Monthly Archive for February, 2013

The power of why

Today’s blog post is priceless and timeless. Priceless because it can be life-changing and timeless because it dates back several hundred ago and it remains timely and relevant to this day… This was submitted to me by Mark Mackenzie of The Graffiti Eaters.

When Beethoven was 26, he started to lose his hearing.  It began as a ringing in his ears that got worse and worse until he was almost completely deaf.  It became so bad that the only way he could communicate with his friends was by getting them to write down what they were saying in a book, into which he would write his reply.

Beethoven’s devastation over what was happening led him to live alone in an Austrian town where he spent time contemplating suicide.  And yet he persevered.  In letters penned to his brothers, he wrote that he remained committed to his work because he saw his art as something that had to survive even if it meant enduring the heartache of not hearing his audiences applaud.  “It seemed unthinkable for me to leave the world forever before I had produced all that I felt called upon to produce,” he wrote.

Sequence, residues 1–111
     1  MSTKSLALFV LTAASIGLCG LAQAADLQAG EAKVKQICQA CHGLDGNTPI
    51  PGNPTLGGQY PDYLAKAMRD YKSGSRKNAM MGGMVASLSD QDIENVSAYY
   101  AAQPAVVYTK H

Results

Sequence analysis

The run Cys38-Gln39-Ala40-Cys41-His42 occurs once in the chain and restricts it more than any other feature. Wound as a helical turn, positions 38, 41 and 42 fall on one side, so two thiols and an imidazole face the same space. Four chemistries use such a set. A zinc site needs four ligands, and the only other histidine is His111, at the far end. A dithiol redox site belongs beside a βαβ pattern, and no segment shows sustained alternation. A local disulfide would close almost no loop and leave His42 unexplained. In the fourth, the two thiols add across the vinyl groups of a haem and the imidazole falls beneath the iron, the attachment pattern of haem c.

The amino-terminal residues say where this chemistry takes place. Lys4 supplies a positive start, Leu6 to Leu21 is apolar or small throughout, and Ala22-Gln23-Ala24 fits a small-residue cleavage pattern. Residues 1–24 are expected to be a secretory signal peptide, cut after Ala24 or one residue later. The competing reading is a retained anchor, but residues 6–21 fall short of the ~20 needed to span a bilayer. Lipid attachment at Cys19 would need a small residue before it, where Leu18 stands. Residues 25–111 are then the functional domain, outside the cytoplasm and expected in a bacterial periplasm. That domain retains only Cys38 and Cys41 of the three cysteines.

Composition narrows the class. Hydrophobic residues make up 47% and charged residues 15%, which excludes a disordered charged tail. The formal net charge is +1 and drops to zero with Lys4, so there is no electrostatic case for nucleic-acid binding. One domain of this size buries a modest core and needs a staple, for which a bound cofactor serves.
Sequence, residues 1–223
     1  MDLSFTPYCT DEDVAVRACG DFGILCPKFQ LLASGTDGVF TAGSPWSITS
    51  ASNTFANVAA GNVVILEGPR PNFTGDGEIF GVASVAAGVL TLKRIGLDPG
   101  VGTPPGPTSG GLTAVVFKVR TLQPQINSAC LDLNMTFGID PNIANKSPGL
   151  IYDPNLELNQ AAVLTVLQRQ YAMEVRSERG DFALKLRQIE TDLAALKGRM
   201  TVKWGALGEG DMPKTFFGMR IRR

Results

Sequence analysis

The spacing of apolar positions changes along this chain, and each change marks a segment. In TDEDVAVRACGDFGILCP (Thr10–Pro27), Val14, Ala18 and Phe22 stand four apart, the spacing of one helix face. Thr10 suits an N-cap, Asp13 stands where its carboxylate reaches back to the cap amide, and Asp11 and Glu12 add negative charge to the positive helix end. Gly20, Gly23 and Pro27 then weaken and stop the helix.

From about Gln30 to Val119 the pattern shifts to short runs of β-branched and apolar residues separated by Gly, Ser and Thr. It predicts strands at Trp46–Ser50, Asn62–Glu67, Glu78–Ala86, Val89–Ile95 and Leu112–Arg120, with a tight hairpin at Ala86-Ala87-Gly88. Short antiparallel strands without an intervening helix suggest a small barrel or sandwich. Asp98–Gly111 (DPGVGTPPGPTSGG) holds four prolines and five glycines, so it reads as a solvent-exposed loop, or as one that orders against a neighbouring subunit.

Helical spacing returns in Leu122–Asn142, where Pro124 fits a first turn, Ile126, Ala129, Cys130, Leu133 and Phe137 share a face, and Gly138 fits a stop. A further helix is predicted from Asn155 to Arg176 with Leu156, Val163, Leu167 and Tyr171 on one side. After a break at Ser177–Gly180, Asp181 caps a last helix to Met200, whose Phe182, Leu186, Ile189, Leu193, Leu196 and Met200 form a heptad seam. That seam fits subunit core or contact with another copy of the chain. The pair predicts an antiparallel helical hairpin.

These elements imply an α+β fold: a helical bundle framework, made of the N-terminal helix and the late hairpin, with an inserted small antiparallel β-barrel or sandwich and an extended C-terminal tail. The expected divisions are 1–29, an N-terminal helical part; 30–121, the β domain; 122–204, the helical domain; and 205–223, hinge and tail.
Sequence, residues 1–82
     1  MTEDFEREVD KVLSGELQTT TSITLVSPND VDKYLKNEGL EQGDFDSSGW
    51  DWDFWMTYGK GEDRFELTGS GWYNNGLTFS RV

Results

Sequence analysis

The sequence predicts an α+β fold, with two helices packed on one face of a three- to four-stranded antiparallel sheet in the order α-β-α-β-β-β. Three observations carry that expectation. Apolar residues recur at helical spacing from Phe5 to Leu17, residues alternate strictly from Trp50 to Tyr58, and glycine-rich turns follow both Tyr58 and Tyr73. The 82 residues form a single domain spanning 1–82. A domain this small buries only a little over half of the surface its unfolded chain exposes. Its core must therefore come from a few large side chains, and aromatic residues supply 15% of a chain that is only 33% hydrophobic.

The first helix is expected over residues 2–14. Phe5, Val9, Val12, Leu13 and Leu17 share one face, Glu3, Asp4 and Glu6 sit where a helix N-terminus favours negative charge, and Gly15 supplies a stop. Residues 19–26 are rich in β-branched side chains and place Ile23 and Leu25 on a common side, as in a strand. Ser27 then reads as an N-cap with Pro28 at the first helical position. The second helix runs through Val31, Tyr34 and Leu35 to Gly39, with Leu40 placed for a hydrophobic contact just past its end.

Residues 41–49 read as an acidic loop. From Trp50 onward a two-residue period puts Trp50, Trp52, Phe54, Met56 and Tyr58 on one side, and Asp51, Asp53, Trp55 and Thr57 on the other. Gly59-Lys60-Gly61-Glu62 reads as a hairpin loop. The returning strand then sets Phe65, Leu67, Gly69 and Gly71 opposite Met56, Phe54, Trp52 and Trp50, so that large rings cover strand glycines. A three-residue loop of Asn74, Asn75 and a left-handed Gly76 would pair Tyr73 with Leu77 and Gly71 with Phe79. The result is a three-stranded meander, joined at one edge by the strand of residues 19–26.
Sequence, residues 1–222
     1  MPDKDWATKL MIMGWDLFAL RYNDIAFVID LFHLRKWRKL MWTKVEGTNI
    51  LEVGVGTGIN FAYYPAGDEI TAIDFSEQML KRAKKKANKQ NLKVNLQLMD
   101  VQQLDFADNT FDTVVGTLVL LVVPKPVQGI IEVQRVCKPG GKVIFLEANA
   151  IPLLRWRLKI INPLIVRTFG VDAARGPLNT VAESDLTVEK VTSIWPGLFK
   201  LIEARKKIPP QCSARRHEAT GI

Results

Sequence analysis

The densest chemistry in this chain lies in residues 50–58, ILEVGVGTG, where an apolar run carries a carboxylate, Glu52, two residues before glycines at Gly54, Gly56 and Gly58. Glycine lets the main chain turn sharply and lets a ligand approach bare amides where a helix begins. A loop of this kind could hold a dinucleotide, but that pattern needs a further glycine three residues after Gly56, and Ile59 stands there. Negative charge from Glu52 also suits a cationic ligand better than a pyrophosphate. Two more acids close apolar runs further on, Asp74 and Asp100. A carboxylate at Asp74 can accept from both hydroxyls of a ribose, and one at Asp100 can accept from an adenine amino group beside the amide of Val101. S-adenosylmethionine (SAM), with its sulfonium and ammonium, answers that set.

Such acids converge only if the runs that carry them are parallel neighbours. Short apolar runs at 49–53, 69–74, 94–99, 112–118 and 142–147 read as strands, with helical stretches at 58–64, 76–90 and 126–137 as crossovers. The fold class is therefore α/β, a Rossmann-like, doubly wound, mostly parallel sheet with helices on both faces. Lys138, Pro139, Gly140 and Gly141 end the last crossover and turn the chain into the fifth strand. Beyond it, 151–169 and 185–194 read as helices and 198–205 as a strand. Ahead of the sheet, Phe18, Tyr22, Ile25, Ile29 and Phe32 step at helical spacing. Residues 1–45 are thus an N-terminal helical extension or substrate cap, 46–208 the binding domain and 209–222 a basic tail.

And so, in the face of pain and struggle, he miraculously continued to compose music.  In fact, some of his most brilliant and famous work emerged during the period that his deafness was at its most severe – truly magnificent pieces like his Symphony No. 9.

The reason Beethoven was able to continue so resolutely in the application of his craft can be attributed to the word why.  As is often said, when the why is big enough, the ‘how’ takes care of itself.  In Beethoven’s case, the why was the influence his music had on the world.

The power of why has been proven empirically by psychologists at Ohio State University.  In a number of experiments, researchers discovered that people who considered ‘why’ they performed a challenging task were more likely to persevere with it.  In comparison, those who focused only on ‘how’ to do it were more likely to give up.

So, if you’re trying to get your employees to be committed to a project or to an activity that’s difficult or unenjoyable, or if you’re eager to get their buy-in for an idea or a change that you know they’ll resist, there is rarely anything more urgent than to articulate why.  In particular

  • Why this?
  • Why now?
  • Why them?
  • Why from you?
  • Why in this way?

The why gives people the purpose to follow your vision and it adds meaning to a job that may otherwise be uninteresting. It may be invisible, but the why is what generates the visible.  To those who are feeling uninspired, it is music to their ears.